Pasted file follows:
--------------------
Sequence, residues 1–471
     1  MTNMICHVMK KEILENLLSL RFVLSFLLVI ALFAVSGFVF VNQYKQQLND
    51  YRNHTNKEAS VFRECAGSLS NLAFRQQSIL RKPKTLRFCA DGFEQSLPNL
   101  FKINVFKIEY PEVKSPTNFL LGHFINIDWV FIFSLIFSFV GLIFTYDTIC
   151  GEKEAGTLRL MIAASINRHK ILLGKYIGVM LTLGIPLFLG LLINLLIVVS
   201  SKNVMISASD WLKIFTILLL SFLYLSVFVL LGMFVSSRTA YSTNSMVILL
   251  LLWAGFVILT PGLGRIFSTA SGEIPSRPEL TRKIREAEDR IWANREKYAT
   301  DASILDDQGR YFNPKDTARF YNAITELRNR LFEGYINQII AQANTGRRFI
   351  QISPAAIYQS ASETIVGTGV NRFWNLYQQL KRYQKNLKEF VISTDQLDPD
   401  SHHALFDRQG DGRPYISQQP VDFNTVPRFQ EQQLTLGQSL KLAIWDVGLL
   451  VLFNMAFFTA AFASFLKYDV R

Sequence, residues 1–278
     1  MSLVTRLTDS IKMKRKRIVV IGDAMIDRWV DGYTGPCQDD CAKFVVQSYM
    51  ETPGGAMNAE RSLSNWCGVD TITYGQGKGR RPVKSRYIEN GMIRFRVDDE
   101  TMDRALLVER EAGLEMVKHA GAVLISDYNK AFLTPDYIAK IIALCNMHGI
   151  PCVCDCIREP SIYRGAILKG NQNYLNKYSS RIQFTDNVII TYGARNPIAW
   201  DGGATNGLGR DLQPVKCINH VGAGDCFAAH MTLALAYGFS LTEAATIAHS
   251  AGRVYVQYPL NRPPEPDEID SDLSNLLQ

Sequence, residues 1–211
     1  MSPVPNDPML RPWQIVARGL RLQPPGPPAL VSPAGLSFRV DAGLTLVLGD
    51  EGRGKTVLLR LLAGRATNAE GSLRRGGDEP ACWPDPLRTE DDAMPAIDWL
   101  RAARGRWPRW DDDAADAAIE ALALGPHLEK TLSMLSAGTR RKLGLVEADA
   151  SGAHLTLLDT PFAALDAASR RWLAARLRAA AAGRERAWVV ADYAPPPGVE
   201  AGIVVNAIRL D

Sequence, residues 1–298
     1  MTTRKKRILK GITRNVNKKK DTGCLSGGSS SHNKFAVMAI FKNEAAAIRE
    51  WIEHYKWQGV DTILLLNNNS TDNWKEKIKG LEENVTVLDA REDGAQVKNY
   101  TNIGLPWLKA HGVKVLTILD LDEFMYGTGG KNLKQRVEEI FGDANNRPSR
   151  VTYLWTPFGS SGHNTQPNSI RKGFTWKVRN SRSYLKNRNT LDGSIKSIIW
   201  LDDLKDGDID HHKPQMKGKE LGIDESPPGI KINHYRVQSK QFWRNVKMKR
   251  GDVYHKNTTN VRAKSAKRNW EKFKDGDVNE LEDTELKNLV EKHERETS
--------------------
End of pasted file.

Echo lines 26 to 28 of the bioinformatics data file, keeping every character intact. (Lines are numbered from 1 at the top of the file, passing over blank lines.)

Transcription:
     1  MTTRKKRILK GITRNVNKKK DTGCLSGGSS SHNKFAVMAI FKNEAAAIRE
    51  WIEHYKWQGV DTILLLNNNS TDNWKEKIKG LEENVTVLDA REDGAQVKNY
   101  TNIGLPWLKA HGVKVLTILD LDEFMYGTGG KNLKQRVEEI FGDANNRPSR